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Almost 20% (19.5%) of assisted living providers in Minnesota responding to a recent poll said they may be forced to close or sell facilities due to “dire financial conditions.” The number represents almost 400 assisted living locations across the state. By contrast, 11% of nursing home respondents said they were in danger of closing facilities over the next year, which equates to 40 nursing homes.

The survey, conducted by the Long-Term Care Imperative in April, with results released Thursday, also found that more assisted living communities than nursing homes have increased employee wages by more than 10%, although the “quite challenging” overall financial performance of assisted living communities is not as “gloomy” as the financial performance of nursing homes.

“While they [assisted living providers] are more able than nursing facilities to raise charges to stabilize their financial performance, the ability to do so will be limited by market realities, and in many cases, it has already been limited,” said the Long-Term Care Imperative, a collaboration of LeadingAge Minnesota, which is the state partner of the national LeadingAge association and also of Argentum, and Care Providers of Minnesota, which is the state affiliate of the American Health Care Association / National Center for Assisted Living.

Altogether, 28.6% of assisted living respondents said they have reduced capacity to maintain financial solvency, an additional 3.6% said they are beginning to reduce capacity, and another 4.2% said they are planning to reduce capacity even further than they already have.

“If numerous locations close, that will cause huge access problems for this service, at a time when alternatives like nursing facilities are also under stress and may not be able to take the clients who are unable to access assisted living sites,” the Long-Term Care Imperative said.

Forty-five percent of assisted living respondents said they are facing an immediate cash shortage if revenue declines. More than half of the assisted living respondents (58.7%) said they will be able to operate for only a month or less without Medicaid revenue to cover payroll and other expenses, and an additional 16.2% said they would be able to operate only for two more months without such revenue.

The median operating margin for assisted living respondents in March was –1%, and 39.6% of respondents said they had margins lower than –10%. The median provider loss was $1,943 for the month, which equates to an annualized loss of $23,316. Rural providers were struggling more, on average.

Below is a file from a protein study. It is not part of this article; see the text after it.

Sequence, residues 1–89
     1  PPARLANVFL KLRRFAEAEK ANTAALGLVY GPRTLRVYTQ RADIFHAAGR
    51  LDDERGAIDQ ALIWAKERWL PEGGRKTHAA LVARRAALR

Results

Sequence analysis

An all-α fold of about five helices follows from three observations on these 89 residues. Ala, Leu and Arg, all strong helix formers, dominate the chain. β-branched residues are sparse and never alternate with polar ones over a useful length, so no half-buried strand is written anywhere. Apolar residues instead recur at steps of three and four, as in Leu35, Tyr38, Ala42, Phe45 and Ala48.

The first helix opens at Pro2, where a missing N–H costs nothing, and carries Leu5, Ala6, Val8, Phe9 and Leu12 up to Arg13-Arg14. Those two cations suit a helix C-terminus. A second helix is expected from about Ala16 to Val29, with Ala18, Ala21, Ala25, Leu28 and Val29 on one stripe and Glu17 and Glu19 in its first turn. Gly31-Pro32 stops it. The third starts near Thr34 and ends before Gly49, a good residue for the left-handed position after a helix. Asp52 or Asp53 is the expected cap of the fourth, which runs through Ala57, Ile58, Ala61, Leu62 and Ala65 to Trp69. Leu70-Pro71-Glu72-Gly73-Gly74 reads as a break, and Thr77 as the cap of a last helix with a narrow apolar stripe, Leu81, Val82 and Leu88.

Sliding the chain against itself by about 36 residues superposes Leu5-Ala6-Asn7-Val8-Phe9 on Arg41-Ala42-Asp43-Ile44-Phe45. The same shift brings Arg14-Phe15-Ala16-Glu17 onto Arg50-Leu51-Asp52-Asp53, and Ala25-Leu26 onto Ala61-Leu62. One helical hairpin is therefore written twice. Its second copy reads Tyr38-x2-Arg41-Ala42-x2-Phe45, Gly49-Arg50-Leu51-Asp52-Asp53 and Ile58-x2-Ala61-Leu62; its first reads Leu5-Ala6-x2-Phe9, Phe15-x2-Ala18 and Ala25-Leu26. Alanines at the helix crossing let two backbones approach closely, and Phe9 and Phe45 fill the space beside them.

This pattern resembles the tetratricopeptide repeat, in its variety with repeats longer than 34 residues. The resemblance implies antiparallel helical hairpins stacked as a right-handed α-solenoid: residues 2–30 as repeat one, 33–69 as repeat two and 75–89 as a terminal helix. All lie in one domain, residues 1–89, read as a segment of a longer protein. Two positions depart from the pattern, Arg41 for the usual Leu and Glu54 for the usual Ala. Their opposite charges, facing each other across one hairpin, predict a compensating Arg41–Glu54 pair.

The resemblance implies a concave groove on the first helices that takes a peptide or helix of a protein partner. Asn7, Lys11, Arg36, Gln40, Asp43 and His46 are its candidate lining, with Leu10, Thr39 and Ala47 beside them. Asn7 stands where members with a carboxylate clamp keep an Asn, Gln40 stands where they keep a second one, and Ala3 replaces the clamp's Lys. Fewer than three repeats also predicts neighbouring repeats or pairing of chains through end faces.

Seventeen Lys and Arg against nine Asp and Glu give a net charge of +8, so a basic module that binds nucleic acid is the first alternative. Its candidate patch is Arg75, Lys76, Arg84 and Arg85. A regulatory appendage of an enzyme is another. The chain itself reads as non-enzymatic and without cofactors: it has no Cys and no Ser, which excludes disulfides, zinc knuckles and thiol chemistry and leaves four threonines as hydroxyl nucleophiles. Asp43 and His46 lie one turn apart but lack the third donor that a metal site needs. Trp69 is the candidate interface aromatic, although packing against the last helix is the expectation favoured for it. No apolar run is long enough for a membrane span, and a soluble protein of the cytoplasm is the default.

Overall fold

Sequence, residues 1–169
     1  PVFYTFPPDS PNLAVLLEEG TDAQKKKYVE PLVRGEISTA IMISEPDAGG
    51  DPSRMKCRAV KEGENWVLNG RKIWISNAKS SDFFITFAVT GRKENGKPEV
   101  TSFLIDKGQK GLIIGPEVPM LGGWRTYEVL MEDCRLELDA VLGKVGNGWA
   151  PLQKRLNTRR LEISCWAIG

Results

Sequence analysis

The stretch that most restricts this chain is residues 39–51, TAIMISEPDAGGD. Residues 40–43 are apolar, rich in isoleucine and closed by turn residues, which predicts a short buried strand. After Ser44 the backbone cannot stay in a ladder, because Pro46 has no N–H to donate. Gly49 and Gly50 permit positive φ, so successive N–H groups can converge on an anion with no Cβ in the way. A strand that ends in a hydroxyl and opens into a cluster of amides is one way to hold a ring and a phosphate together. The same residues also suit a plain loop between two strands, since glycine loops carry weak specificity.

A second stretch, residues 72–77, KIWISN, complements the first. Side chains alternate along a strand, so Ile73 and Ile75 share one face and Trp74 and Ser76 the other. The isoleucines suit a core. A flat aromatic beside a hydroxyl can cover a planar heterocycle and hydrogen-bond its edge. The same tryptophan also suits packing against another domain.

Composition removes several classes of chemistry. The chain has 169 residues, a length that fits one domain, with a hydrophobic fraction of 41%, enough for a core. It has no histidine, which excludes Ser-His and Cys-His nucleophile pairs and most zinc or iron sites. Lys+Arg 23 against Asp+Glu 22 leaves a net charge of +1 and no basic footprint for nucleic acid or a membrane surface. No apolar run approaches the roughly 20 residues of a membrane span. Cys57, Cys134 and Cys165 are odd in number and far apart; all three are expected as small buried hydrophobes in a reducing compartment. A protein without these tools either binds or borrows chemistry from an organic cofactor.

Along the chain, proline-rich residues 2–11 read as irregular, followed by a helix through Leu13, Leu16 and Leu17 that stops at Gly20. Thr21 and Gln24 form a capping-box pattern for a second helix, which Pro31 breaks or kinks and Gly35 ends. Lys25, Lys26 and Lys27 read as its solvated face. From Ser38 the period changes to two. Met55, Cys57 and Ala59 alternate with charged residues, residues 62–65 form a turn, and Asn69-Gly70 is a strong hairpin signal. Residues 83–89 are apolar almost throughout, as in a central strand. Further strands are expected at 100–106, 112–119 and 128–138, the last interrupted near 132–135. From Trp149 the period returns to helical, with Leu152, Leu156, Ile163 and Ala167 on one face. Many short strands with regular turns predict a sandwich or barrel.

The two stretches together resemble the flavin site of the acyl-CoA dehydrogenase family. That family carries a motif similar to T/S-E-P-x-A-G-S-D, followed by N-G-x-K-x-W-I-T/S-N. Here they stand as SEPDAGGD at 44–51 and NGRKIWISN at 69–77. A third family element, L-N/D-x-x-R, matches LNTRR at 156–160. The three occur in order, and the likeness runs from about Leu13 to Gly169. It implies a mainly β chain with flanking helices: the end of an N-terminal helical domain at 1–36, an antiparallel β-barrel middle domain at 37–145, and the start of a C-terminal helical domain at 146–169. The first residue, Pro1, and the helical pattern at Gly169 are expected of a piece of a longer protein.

Wages increased

More than half of the participating assisted living providers reported increasing base hourly wages for certified nursing assistants by more than 10% in the past two years despite a lack of permanent funding; others said they have increased wages for the position by up to 15%, while some have not increased wages or have increased them by a smaller amount. Many providers reported increasing wages by up to 15% for registered nurses, licensed practical nurses and dietary staff members as well. In many cases, reserves are being used to cover those and other cost increases.

An October survey by the Long-Term Care Imperative found that more than 12,000 positions in Minnesota assisted living communities were unfilled, and almost a third of assisted living providers reported that they were limiting census due to staffing levels. Staffing remains at similar levels today, the group said.

In late April, the state Senate passed a bill aiming to address the state’s long-term care workforce situation by including a $1.3 billion surplus priority to increase rates for the state’s long-term care, personal care and disability waiver rate service industries. The bill passed the state House May 3. The amount would be in addition to an earlier $322 million package introduced to address staffing issues in the facilities.

Bipartisan commitment called for

With results from the April survey in hand, the Long-Term Care Imperative is calling for a bipartisan commitment to supporting providers, first by adjusting the state Medicaid rates to support competitive wages. “Without sufficient staff, senior care providers cannot admit residents, and that has resulted in revenue losses for organizations throughout the state,” the group noted.

With only a few weeks left in the state legislative session, the group has asked providers to “flood” the office of Gov. Tim Walz (D) with calls beginning today, requesting that he and state lawmakers prioritize older adults and their caregivers in assisted living communities and nursing homes.

The April survey by the Long-Term Care Imperative drew responses from 179 assisted living settings and 156 nursing facilities. For details of survey results involving nursing homes, see McKnight’s Long-Term Care News.

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